I have just mapped in my mind all the places I would like to be on Phantom Billstickers National Poetry Day – I always love what Nelson comes up with, Featherston, Napier, Central Otago … and of course all the big cities. But this year I will be in Wellington hosting a lunchtime event at Unity Books (getting to hear some women read I have never heard before yeah!), then hearing some AUP New Poets hosted by Anna Jackson at Book Hound (also hearing poets I have mostly never heard read before) and finally going to Show Ponies (R18) (wow! what a line up!) at Meow.
I love the way bookshops, cafes, bars, universities, marae, schools and libraries are increasingly inventive every year in designing events and competitions – and poets appear all over the country. You could for example have brunch with Chris Tse in Hamilton!
Check out your route by clicking on the link and see below for mine!
Climate change and the plight of refugees are the focus of some of the 150+ events in this year’s Phantom Billstickers National Poetry Day, taking place on Friday August 23.
Our annual celebration of writing and reading poetry embraces both the personal and political in a dynamic programme of events and competitions nationwide – from parks,
beaches, pavements and public transport to cafés, bars, bookshops, schools, university campuses, libraries, RSAs, community centres, marae and more.
The record number of events include:
Auckland’s ‘I Feel at Home, Away from Home – Blackout Poetry Workshop’ – that gives voice to our migrants and refugees; and the Theoradical Hobohemians hosting
‘An Interview with Charles Bukowski’.
Wellington’s ‘Show Ponies: A National Poetry Day Extravaganza’ – a late-night gig, featuring award-winner Chris Tse and other poets posing as popstars for the evening.
Wairarapa’s ‘Climate Positive’ – poetry, song and stories of positive action against the climate crisis with performance poets Extinction Rebellion.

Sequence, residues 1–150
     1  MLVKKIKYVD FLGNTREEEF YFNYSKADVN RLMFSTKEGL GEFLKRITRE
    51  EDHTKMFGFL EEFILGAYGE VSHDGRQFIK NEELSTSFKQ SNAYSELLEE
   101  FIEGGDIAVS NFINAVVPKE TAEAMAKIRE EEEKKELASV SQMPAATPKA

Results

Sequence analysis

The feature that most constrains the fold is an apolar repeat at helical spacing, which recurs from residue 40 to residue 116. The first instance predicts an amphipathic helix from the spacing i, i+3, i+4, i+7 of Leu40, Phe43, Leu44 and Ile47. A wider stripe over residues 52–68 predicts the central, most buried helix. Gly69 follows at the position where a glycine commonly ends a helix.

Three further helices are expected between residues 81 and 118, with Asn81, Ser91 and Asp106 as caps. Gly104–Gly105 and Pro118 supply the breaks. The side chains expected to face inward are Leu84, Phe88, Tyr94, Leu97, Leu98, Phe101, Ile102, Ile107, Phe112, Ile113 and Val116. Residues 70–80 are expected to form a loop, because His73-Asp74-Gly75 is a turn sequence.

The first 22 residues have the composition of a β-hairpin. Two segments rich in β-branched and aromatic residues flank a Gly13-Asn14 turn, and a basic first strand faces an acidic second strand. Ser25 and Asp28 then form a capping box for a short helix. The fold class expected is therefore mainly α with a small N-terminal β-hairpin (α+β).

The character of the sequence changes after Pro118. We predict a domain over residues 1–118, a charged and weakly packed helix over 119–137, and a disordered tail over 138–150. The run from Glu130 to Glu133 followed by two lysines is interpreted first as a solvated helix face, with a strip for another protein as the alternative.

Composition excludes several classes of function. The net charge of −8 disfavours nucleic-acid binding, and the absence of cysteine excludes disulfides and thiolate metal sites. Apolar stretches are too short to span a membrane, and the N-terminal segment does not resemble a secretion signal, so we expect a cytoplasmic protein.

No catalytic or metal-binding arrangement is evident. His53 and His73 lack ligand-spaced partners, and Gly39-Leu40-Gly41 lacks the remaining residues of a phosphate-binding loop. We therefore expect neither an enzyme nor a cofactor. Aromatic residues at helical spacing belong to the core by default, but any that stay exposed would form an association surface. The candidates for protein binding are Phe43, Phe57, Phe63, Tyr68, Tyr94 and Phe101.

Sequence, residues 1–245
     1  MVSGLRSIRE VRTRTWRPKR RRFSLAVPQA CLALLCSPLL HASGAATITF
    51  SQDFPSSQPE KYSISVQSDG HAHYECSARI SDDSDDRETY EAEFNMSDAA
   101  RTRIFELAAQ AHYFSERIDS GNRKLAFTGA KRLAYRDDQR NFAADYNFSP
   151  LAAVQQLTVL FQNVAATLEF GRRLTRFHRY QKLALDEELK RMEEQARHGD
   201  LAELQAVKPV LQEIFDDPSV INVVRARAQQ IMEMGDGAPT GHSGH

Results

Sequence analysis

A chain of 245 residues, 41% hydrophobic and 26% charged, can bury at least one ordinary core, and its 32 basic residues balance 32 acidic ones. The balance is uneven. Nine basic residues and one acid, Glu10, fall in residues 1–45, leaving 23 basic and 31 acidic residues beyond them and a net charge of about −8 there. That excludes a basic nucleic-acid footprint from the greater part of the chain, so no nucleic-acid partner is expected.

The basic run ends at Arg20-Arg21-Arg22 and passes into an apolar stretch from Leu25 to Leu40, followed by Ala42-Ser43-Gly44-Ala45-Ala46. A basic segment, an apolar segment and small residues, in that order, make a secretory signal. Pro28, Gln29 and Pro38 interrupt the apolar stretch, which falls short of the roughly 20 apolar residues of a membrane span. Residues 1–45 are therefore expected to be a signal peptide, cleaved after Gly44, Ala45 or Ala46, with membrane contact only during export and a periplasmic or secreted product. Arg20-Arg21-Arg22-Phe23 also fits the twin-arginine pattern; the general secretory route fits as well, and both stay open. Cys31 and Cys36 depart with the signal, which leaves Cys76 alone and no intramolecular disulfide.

Christchurch’s ‘Poets in Our Tūranga’ – a six-hour poetry marathon at the new Tūranga Central Library, featuring more than 40 local poets and writers, and 2019 Ockham
New Zealand Book Awards poetry category finalist Erik Kennedy.
Dunedin’s ‘Changing Minds: Memories Lost and Found’ – a poetry competition for adults inspired by their experience of dementia or Alzheimer’s Disease.
Phantom Billstickers National Poetry Day includes appearances by the winner of the Mary and Peter Biggs Award for Poetry in the 2019 Ockham New Zealand Book Awards, Helen Heath, who will deliver a workshop at Hagley Writers’ Institute in Christchurch on Saturday, August 24.
Poetry category finalist, Therese Lloyd, will take part in a celebration of Paula Green’s magnum opus, Wild Honey: Reading New Zealand Women’s Poetry at Unity Books in Wellington.
In the lead up to August 23, Phantom Billstickers will bring poetry to our communities with an epic street poster campaign. All four 2019 Ockham poetry category finalists, including Tayi Tibble, will feature in Phantom Billstickers’ national super-size Poetry on Posters campaign.
Nicola Legat, Chair, The New Zealand Book Awards Trust, says ‘One of the themes of this year’s events is a focus on social issues. Events focused on climate change and the issues facing refugees are among them, and this shows how relevant and useful poetry is as a way of confronting and addressing some of our wicked problems.’
Held annually on the fourth Friday in August, #NZPoetryDay sees poetry royalty join forces with poetry fans from all over Aotearoa in an action-packed programme of slams and rap, open mic and spoken word performances, pop-up events, book launches and readings. There are 24 poetry contests to enter. Many of the programmed events will be open to the public and free to enjoy.
Established in 1997, National Poetry Day is a popular fixture on the nation’s cultural calendar and one that celebrates discovery, diversity and community. For the past four years, Phantom Billstickers has supported National Poetry Day through its naming rights sponsorship.
For full details about all the events taking place on Phantom Billstickers National Poetry Day, including places, venues, times, tickets and more, go here.
Jordan grew up in Timaru on a healthy diet of Catholicism and masculine emotional repression. He fell in love with words the day his high school English teacher read a James K. Baxter poem aloud to the class. When he’s onstage he feels 27 years of anxiety slip away into the accepting embrace of a crowd who spend every day fighting their own silent battles.